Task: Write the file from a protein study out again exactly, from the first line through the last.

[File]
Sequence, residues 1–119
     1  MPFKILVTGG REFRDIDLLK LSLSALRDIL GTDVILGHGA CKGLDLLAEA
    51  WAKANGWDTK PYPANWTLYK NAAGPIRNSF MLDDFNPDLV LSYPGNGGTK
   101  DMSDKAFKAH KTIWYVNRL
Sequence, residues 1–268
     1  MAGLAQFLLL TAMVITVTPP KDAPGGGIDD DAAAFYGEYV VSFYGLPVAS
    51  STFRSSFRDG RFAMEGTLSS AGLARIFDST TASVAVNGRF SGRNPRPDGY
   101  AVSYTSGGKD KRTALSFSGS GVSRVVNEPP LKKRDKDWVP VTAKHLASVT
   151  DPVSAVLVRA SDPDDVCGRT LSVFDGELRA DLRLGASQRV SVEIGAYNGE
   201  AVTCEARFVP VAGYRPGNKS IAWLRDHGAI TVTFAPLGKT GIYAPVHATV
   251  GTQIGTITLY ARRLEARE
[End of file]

Sequence, residues 1–119
     1  MPFKILVTGG REFRDIDLLK LSLSALRDIL GTDVILGHGA CKGLDLLAEA
    51  WAKANGWDTK PYPANWTLYK NAAGPIRNSF MLDDFNPDLV LSYPGNGGTK
   101  DMSDKAFKAH KTIWYVNRL
Sequence, residues 1–268
     1  MAGLAQFLLL TAMVITVTPP KDAPGGGIDD DAAAFYGEYV VSFYGLPVAS
    51  STFRSSFRDG RFAMEGTLSS AGLARIFDST TASVAVNGRF SGRNPRPDGY
   101  AVSYTSGGKD KRTALSFSGS GVSRVVNEPP LKKRDKDWVP VTAKHLASVT
   151  DPVSAVLVRA SDPDDVCGRT LSVFDGELRA DLRLGASQRV SVEIGAYNGE
   201  AVTCEARFVP VAGYRPGNKS IAWLRDHGAI TVTFAPLGKT GIYAPVHATV
   251  GTQIGTITLY ARRLEARE